Obama Justice; Race, Judges and Future Elections
Byline: Ken Blackwell, SPECIAL TO THE WASHINGTON TIMES
The 2010 midterm elections and the resulting battles over redistricting will shape the future of both political parties. A case challenging the constitutionality of the Voting Rights Act (VRA) is being offered to the Supreme Court, highlighting these political stakes. And President-elect Barack Obama's Justice Department is about to take center stage in this fight.
The Constitution requires legislative districts be redrawn after each decennial national census. The 2010 midterm elections will determine the makeup of all 50 state legislatures. With few exceptions, these legislatures will then draw new lines of all congressional districts, as well as many state legislative districts, for the 2012 election and beyond.
A major factor in this redistricting is the Voting Rights Act. A number of VRA's provisions apply nationwide, originally designed to protect the right of African Americans to vote. But another provision of the law has been challenged in a case that has now been offered to the U.S. Supreme Court. Section Five of the VRA requires certain jurisdictions with a history of egregious racism to go through a special process before they can make any changes affecting voting.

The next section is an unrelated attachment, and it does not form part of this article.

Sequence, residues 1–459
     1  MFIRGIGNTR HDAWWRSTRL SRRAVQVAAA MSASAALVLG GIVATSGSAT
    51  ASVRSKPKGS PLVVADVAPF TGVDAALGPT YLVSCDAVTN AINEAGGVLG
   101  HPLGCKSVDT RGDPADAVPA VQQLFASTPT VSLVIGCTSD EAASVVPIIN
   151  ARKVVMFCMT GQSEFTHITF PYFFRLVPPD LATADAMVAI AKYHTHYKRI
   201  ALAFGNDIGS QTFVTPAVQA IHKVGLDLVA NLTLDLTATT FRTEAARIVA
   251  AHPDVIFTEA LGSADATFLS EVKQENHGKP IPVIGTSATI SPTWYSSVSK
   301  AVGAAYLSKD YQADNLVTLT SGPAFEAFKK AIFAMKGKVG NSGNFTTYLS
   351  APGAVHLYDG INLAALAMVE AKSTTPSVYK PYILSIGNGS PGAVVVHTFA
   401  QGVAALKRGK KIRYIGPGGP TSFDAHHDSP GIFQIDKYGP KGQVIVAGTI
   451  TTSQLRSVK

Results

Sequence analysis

Under Section Five, these jurisdictions must get pre-clearance from the U.S. Justice Department before they can redistrict or make any other changes to their election laws or procedures, or get a three-judge panel of the federal district court in D.C. to sign off on the jurisdiction's plan. The law requires the Justice Department or the federal court to determine whether the changes would have either the purpose or the effect of abridging the right to vote.
But as racial barriers to voting have fallen in America, and the African American vote has become increasingly reliable as a voting bloc for Democrats, VRA lawsuits have increasingly been used to advantage the Democrats in partisan wrangling against Republicans.
The VRA was originally passed in 1965. This was the height of the civil rights movement, when powerful forces were arrayed to prevent black voters from casting ballots, and where a number of states saw widespread voter intimidation. …